Every year, millions of people throughout the U.S. fall victim to identity theft, a crime that can turn your financial world upside down. Research shows that, in 2015, 13.1 million victims lost $15 billion to identity thieves. That represents significant growth from 2014’s figure of 12.7 million. Identity theft is on the rise – and everyone needs to be on guard.
In 2014, about 85% of U.S. residents took action to prevent identity theft, such as:
- Reviewing credit reports for unusual activity or inaccurate information;
- Shredding or burning documents with sensitive personal information;
- Changing account passwords for banks, credit cards, and mortgage.
Despite this, millions of people still get blindsided by identity theft – 45% of victims didn’t discover it until contacted by their financial institution or the IRS. Only 18% detected the signs themselves by reviewing credit reports.
If Someone Files a Tax Return in Your Name, Don’t Wait for the IRS
One of the most common – and most devastating – forms of identity theft comes when someone files for a tax refund in your name. Only 3% of all Georgia taxpayers will experience identity theft related to income tax filings. Not only can this cost thousands of dollars, but it can also go undetected for months or years if you didn’t realize that someone filed for a refund using your identity.
The IRS is obligated to help when a fraudulent return is discovered, but it’s often not enough.
For 60% of those whose information is used to generate a false tax return, it takes the IRS six months to a year to resolve the issue. In 20% of cases it takes over one year to resolve the issue.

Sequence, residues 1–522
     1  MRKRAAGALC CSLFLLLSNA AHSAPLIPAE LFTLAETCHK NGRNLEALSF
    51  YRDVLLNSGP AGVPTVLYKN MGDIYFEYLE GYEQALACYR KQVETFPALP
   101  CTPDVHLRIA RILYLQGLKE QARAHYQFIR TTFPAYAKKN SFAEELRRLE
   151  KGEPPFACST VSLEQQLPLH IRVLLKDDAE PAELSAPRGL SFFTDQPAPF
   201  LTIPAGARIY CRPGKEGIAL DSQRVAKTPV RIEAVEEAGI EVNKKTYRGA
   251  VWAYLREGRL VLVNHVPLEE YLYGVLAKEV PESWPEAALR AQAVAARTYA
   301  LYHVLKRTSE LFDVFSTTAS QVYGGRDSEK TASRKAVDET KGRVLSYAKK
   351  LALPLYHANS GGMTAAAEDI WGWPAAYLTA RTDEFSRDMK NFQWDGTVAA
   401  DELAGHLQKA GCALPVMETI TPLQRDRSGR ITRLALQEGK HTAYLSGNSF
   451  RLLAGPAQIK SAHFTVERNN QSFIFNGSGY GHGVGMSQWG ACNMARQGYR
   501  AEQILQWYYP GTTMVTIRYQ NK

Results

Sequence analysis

Identity Theft Can Damage Your Finances for Years
Even when the IRS is not involved, identity theft can have many other major consequences:
- Damage to the victim’s credit rating that may take years to fully repair;
- Problems planning for major purchases such as a new house or vehicle;
- Difficulties getting credit and potential closure of existing credit lines;
- Aggressive bill collection activity related to any fraudulent purchases;
- Stonewalling and red tape as you try to address and resolve the issue.
Being victimized by identity theft can profoundly impact your financial life. Although it is true that victims’ liability for fraudulent transactions is limited, proving you are not the responsible party takes tremendous effort. Unless action is taken quickly, fraudulent charges can continue to emerge for many years after the initial identity theft.
In effect, identity theft can make you feel as if you are a completely different person … one who does not enjoy the benefits of the sound financial foundation you’ve carefully built for yourself.
To limit the damage from identity theft, you should seek expert help right away. Contact us for support at (770) 216-2226.